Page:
When ‘paid in full’ really means ‘paid in part’

I guess it all depends on what the meaning of “paid in full” is.

Danny Tarkanian, a Republican candidate for Congressional District 3, says in a recent mailer that “when I failed [in business] I didn’t walk away — I paid my debts in full and then I bounced right back.”

That phrase struck me as odd, because Tarkanian actually did walk away and didn’t pay his debts “in full.” Instead, he filed for bankruptcy protection and paid just 3 percent of what he owed.

The back story is that Tarkanian and his family were forced into bankruptcy after a California bank from which they’d borrowed money to pay for a land deal failed and was taken over by the Federal Deposit Insurance Corporation. Although he owed the FDIC $17 million, he ended up settling the bankruptcy case last year for just $525,000.

I expressed my skepticism on Twitter, writing: “I always thought [bankruptcy] was a legal way to stiff creditors when you lack the money to repay overwhelming debt. Am I wrong about that somehow?”

But then I realized that, perhaps, Tarkanian was trying to pull a fast one. Perhaps he was trying to say that he had paid the fraction of his debts he was ordered to repay at the conclusion of the bankruptcy proceedings “in full,” not the original amount of his debt. It’s not exactly the same thing — in fact, it’s not the same thing at all — but it might be something that a lawyer-turned-would-be politician could justify putting into a mailer.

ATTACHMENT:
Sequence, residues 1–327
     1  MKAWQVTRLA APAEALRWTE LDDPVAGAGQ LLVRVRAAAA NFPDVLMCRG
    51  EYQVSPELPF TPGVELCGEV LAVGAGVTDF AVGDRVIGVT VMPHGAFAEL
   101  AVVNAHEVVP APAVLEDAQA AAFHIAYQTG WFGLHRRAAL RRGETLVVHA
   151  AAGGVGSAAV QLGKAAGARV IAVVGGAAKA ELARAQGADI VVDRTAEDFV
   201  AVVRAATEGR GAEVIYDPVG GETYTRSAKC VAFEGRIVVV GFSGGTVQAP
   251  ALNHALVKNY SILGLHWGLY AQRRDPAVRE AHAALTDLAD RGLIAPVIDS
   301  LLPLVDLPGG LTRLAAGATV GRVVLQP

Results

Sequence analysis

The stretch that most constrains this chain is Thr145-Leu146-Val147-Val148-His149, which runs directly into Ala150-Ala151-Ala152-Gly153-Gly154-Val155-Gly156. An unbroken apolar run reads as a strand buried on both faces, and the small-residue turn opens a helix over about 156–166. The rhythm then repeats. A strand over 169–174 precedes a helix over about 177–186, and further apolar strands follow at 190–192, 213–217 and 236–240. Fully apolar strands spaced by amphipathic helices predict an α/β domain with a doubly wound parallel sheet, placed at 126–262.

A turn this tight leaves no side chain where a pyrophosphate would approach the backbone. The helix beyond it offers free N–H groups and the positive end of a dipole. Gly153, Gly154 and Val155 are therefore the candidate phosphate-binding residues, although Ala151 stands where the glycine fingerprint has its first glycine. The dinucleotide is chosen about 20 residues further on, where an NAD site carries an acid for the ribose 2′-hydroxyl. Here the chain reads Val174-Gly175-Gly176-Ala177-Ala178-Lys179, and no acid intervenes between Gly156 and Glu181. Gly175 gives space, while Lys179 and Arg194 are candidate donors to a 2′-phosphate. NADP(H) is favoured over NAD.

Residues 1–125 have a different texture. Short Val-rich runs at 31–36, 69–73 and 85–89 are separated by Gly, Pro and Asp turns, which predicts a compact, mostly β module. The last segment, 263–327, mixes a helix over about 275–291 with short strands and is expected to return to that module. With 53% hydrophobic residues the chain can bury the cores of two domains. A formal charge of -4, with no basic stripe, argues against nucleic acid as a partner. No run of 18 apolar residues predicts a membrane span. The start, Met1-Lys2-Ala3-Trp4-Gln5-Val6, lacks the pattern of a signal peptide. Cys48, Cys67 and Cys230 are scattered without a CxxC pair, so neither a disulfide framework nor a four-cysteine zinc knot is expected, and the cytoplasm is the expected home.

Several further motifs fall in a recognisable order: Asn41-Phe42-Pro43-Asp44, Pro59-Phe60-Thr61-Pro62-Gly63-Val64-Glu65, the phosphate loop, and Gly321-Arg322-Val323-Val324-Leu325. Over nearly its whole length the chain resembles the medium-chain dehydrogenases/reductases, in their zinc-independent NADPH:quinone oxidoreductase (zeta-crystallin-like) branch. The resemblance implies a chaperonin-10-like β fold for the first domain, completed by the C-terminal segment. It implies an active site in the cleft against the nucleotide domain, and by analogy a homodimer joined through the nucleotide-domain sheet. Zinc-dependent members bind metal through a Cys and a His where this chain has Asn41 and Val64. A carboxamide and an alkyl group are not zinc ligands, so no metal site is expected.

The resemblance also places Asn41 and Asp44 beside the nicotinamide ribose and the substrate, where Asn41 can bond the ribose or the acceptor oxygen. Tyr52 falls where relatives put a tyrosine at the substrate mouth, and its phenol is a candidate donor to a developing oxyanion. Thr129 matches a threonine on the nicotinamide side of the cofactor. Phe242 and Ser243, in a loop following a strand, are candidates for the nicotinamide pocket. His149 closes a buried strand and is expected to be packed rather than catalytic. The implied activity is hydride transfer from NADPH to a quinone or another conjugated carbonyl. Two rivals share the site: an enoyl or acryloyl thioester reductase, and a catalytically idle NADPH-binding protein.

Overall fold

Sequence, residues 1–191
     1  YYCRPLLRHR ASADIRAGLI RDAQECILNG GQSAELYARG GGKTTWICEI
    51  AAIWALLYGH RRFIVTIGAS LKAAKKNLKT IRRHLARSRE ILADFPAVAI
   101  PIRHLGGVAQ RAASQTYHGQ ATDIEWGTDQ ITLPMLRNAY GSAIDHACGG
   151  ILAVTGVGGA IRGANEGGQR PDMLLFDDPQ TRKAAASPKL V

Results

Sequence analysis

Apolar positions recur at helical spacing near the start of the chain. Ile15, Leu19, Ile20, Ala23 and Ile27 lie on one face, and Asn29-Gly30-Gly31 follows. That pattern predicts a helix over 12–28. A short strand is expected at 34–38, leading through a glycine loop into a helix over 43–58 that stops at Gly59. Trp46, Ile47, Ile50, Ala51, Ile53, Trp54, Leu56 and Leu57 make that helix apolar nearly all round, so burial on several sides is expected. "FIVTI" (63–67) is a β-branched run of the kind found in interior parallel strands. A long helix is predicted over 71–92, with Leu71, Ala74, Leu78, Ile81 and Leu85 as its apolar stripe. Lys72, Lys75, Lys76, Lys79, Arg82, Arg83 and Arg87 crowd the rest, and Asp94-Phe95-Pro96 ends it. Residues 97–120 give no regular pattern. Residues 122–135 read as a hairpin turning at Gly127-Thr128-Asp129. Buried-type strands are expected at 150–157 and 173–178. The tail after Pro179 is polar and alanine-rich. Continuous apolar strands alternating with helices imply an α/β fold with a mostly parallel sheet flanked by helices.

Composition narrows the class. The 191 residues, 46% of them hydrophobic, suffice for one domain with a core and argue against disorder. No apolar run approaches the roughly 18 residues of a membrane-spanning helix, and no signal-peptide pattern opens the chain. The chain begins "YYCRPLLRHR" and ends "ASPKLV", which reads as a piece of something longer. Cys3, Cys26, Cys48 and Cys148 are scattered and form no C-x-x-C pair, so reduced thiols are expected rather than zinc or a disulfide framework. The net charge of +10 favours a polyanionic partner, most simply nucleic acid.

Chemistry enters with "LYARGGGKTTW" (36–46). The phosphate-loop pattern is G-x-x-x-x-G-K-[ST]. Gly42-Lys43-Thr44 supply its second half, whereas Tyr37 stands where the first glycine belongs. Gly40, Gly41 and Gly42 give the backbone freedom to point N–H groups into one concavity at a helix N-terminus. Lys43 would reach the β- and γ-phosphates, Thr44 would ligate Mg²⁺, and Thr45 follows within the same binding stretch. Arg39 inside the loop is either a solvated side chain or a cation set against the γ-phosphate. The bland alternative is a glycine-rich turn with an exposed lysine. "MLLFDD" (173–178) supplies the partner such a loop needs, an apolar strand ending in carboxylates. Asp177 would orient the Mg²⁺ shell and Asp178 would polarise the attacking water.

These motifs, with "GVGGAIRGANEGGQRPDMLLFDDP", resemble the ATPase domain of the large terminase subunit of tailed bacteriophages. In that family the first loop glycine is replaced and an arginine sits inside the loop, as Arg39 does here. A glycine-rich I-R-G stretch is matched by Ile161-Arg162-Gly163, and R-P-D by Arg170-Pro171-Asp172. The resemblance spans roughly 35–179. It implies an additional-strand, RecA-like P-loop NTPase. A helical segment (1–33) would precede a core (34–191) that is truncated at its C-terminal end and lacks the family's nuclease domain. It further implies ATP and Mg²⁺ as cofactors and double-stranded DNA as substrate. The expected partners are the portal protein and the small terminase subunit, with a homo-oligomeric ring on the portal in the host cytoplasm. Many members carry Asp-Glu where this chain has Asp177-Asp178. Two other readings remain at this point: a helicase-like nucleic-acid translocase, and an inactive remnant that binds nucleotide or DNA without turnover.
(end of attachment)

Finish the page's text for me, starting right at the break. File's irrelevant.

Turns out, that was it.

After some random person on Twitter enjoined me to “quit being an idiot — the final court order is what is owed, if anything. Did Danny pay off the order in full?” Tarkanian jumped in to confirm.

“Of course that is what I was talking about,” he tweeted. “Yes I paid it off in full. Sebelius is shill for Roberson #LiberalBFF.”

And by “it,” of course, Tarkanian means “the fraction of his debts that he was ordered to repay at the conclusion of the bankruptcy proceedings,” but not “my debts in full,” as the mailer says.

Let’s leave aside the issue of whether I’m a shill for Tarkanian’s Republican primary opponent, state Sen. Michael Roberson, R-Henderson. Because if I’m a shill for him, I must also be a shill for Dr. Annette Teijeiro, another Republican competing in the 3rd District primary who has repeatedly criticized Tarkanian’s business practices. #ConservativeBFF?

Besides, if I’m shilling for anybody, it’s Noah Webster, whose big book of words defines “full” as “having in it all there is space for; holding or containing as much as possible.” And if nothing else, one thing is true: There was a lot of space left between what Tarkanian owed and what he actually paid.

And here’s the ironic thing: There was no need to shade, stretch or strain the truth at all. The sentence in Tarkanian’s flier would have had virtually the same impact had he simply written this: “When I failed, like so many others, I was forced to declare bankruptcy. I paid the court’s judgment in full and bounced right back.”

If he’d said that, nobody would have raised an eyebrow, or the issue of whether he was making false claims to try to inoculate himself from a likely campaign attack over his business dealings.

This proves once again that it’s hardly ever the original crime that gets you; rather, it’s whether you explain yourself by telling the truth — what’s the phrase? — in full.

Steve Sebelius is a Review-Journal political columnist and co-host of “PoliticsNOW,” airing at 5:30 p.m. Sundays on 8NewsNow. Follow him on Twitter (@SteveSebelius) or reach him at 702-387-5276 or SSebelius@reviewjournal.com.

A previous version of this column stated an incorrect funding source for the Federal Deposit Insurance Corporation’s insurance program and incorrectly identified the author of Webster’s Dictionary.

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